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Domino’s Pizza Uses Emoji Storm To Tease Twitter-Triggered Delivery
Soon people will be able to order pizza delivery via Twitter; Domino's teased the announcement with a flurry of pizza emojis.
The Domino’s Pizza Twitter account was at a loss for words on Tuesday, sending out a steady stream of tweets almost entirely made up of pizza emojis. The emoji messages were punctuated like normal tweets and the Domino’s account even responded to perplexed followers with pizza-emoji laced replies.
So what was going on? A promotion, naturally; a stunt designed to draw attention to the fact that starting May 20 people will be able to order Domino’s Pizza via Twitter, using a hashtag or a pizza emoji. The company revealed information with a tweet linking to a USA Today article about the new ordering feature:
The emoji strategy looks to have hit its mark, with many of Tuesday’s tweets being retweeted hundreds of times. The tweet that kicked off the campaign — a pizza-shaped wedge made up of pizza emojis — has more than 2,300 retweets and 1,700 favorites.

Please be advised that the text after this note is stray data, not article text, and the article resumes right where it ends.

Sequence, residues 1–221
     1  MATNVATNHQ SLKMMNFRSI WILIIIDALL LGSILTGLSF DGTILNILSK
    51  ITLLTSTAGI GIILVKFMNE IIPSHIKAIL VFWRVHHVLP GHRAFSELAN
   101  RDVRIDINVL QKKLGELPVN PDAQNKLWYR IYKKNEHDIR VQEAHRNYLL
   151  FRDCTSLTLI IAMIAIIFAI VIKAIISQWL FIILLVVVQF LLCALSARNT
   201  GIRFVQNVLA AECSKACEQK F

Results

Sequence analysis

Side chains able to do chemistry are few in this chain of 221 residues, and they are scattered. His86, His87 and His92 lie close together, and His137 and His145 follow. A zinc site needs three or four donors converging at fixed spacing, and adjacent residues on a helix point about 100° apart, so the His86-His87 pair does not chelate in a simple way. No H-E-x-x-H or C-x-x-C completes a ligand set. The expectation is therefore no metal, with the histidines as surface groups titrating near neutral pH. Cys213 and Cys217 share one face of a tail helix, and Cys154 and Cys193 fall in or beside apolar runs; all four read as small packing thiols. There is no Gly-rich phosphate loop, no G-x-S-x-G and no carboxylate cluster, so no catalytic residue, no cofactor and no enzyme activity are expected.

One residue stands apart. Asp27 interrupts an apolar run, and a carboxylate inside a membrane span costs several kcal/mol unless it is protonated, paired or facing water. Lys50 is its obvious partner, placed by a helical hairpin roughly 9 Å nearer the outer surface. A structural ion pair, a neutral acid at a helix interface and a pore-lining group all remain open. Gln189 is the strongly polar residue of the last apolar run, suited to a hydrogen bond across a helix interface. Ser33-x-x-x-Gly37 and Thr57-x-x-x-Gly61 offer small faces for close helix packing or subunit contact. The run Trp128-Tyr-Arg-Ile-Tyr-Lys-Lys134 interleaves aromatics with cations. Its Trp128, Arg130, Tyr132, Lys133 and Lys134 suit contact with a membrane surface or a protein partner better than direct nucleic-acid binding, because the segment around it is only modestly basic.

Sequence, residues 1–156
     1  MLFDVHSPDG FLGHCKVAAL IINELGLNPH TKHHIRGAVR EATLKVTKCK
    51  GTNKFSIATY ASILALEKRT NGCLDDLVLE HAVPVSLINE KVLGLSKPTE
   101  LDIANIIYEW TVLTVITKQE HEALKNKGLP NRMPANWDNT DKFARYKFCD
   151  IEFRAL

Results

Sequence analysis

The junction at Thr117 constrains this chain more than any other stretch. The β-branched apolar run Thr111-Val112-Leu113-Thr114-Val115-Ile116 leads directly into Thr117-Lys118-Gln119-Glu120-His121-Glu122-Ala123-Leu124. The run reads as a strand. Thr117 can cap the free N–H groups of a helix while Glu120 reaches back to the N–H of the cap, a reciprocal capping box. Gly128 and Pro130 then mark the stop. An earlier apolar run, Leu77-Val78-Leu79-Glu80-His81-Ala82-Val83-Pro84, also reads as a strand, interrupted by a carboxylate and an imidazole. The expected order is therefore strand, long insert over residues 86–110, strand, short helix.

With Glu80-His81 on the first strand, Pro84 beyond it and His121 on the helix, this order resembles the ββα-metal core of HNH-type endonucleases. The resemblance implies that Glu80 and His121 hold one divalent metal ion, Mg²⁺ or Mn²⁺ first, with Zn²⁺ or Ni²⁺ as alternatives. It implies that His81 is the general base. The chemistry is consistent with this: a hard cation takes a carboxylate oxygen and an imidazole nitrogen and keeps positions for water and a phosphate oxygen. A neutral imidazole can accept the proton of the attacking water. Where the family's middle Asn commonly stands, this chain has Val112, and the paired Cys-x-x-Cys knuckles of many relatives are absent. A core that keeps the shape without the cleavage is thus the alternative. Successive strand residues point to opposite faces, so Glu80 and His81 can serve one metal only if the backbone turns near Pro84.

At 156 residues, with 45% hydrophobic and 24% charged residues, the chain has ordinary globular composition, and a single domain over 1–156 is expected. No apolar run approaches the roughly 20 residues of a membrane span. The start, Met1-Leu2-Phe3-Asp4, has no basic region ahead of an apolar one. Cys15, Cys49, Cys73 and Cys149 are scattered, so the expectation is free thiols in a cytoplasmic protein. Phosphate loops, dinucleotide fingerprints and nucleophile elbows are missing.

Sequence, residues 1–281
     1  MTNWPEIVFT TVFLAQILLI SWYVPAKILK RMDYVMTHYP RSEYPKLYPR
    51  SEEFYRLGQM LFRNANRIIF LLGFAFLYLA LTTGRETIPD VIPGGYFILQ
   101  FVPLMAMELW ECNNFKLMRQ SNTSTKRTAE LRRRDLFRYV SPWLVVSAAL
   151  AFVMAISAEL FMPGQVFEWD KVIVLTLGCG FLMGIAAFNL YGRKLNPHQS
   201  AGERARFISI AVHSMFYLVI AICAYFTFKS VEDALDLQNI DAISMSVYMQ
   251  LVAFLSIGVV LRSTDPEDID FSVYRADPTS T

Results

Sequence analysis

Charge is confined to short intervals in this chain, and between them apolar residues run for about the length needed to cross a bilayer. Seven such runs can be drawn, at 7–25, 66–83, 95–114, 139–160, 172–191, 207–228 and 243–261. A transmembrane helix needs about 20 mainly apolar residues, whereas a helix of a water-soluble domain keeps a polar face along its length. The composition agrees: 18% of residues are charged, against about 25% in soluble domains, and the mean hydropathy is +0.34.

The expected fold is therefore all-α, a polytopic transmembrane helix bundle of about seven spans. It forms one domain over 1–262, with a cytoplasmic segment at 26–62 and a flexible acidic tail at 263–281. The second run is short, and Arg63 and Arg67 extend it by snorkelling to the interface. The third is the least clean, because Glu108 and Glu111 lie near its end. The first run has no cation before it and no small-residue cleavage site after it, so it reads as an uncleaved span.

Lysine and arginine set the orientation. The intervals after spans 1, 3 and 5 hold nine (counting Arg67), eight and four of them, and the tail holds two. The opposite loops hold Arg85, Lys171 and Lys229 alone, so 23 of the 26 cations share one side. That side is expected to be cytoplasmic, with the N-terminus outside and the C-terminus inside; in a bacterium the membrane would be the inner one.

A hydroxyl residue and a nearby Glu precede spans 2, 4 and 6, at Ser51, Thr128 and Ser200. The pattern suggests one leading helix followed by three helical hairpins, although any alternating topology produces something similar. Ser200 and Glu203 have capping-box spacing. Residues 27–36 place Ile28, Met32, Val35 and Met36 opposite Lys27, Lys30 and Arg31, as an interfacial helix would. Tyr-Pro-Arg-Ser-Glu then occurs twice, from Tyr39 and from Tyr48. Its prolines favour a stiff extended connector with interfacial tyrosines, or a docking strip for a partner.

“We wanted to start a conversation about why Domino’s has gone emoji crazy in the lead-up to the emoji announcement,” Matt Talbot, vice president and creative director of Crispin Porter + Bogusky, the agency that handles Domino’s creative business, told Ad Week.
Fun aside, Domino’s new delivery option sounds very slick.
Customers will be able to sign into Domino’s Easy Order system and authorize their Twitter accounts in their profiles. From then on, they will be able to trigger orders by tweeting #EasyOrder or the pizza emoji to @Dominos. Dominos will send a direct message to confirm the order and then the order saved in the cusomer’s profile will be sent automatically to his or her home.
The technology is similar to Twitter’s Amazon Cart integration and is another creative example of a company leveraging the Twitter platform for commerce.
Twitter is also testing a Buy button that aims to bring ecommerce more directly into users’ Twitter feeds. The test started last September, but Twitter is still tinkering with how to launch what it calls “in-the-moment” commerce more widely. Last month, the NBA’s Atlanta Hawks offered playoff tickets using the button, which could be a sign that an official rollout is coming soon.
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